- Composed by Alan Silvestri
- Varese Sarabande / 2009 / 50:01
Sometimes films confound all expectations and do far better than anyone really imagines they might – such was the case with Shaun Levy’s Night at the Museum, which ended up being the second most-successful film of 2006. A silly – but obviously well-liked – film about museum exhibits coming to life, the sequel (Battle of the Smithsonian) moves to what is probably the US’s most famous museum; and this time round Ben Stiller is joined on his adventures by Amy Adams as Amelia Earhart, Christopher Guest as Ivan the Terrible and Robin Williams comes back as Theodore Roosevelt.
Composer Alan Silvestri was a late addition to the crew for the first movie after John Ottman’s score was rejected; and the somewhat rushed nature of his involvement seemed a perfectly reasonable defence for the slightly disjointed feel to the music, which certainly gave the impression of something which had been put together in a hurry – even though Silvestri’s typically professional approach was always in evidence. However, there was no need for his score for the sequel to be rushed – so I’m not sure what has happened here.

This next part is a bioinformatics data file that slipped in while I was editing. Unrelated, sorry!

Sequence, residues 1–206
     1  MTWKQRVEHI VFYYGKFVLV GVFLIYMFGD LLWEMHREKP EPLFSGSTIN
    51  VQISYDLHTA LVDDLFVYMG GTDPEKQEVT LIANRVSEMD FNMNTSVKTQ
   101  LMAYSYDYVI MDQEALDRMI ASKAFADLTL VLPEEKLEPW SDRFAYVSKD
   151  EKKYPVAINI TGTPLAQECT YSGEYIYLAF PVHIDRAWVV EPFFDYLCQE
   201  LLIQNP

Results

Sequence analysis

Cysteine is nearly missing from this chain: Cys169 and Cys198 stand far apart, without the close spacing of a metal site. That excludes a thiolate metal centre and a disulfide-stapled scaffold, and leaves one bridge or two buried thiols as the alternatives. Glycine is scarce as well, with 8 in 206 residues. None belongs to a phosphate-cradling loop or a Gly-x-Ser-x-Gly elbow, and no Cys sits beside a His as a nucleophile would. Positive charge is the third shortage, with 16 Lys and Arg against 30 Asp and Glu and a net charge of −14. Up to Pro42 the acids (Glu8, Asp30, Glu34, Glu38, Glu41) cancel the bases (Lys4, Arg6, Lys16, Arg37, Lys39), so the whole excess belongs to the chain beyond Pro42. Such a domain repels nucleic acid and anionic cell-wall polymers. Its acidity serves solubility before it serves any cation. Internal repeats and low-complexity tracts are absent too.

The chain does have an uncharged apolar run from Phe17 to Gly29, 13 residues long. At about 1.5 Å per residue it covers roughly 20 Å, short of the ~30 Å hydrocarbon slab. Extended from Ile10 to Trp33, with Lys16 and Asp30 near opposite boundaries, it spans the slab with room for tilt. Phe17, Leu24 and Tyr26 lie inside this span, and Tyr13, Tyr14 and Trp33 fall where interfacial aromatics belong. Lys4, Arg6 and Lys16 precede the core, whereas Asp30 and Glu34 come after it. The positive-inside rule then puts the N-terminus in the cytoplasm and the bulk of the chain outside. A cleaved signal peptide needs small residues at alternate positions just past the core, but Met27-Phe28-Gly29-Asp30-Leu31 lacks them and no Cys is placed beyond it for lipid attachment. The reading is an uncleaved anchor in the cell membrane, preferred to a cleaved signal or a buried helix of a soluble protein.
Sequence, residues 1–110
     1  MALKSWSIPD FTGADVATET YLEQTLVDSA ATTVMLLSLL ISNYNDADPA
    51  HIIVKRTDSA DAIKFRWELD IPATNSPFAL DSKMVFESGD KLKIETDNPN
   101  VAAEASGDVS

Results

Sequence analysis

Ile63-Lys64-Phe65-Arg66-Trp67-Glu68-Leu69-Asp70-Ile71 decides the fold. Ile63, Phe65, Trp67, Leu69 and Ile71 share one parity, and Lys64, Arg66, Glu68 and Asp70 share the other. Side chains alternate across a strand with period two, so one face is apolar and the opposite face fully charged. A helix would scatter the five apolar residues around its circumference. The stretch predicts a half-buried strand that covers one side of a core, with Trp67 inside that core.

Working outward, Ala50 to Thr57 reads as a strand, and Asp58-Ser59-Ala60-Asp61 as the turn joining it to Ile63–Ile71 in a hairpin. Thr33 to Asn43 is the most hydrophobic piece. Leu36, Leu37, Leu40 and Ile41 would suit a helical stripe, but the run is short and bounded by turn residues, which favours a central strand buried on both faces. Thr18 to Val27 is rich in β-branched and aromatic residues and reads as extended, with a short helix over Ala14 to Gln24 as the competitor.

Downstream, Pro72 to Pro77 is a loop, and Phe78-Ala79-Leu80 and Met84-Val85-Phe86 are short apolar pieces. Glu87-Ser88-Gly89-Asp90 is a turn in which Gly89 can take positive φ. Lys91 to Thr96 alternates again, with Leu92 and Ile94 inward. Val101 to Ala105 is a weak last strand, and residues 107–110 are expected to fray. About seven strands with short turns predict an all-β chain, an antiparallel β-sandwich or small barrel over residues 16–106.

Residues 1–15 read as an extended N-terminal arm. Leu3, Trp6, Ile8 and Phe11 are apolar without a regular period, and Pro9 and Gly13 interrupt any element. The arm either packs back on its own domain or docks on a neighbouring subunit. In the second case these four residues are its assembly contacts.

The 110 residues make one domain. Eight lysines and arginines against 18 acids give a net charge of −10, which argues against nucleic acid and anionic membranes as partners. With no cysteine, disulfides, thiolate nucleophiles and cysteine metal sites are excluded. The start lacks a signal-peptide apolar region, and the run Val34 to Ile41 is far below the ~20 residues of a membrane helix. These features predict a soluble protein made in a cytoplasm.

Indeed, to all intents and purposes, this is very nearly the same score as Silvestri provided for the first film – you’d have a hard time telling them apart in a line-up, that’s for sure. The first score’s strengths are all repeated, as are its weaknesses. Chief amongst the strengths is the main theme – always a Silvestri speciality – and that is reprised in the opening piece, but after that its appearances are mostly in fragmented form. “The Tablet” shapes up to be a great piece of action/adventure music (which this composer can do very well) but sadly then becomes symptomatic of what prevents this album from being truly enjoyable – changing suddenly from typical Silvestri action music into a silly civil war tune. These sudden, complete changes in direction from the music are present throughout the album, and make listening to it a real challenge.
There are certainly some excellent moments here – a nice Mummy Returns-style theme in “He Doesn’t Have All Night”, a delightful comedy string theme in “The Adventure Continues” – but it is rare that any idea is showcased for more than a few seconds before Silvestri moves onto something else. Over a 50-minute album, that becomes very tiresome, very quickly. Night at the Museum: Battle of the Smithsonian is no doubt a perfectly fine film score, but it’s one which just doesn’t work as an album – there are simply too many ideas, too much going into the mix, and nothing gets enough attention. All the right ingredients are here, but when added into the melting pot together, what is produced is far less than the sum of its parts. ** 1/2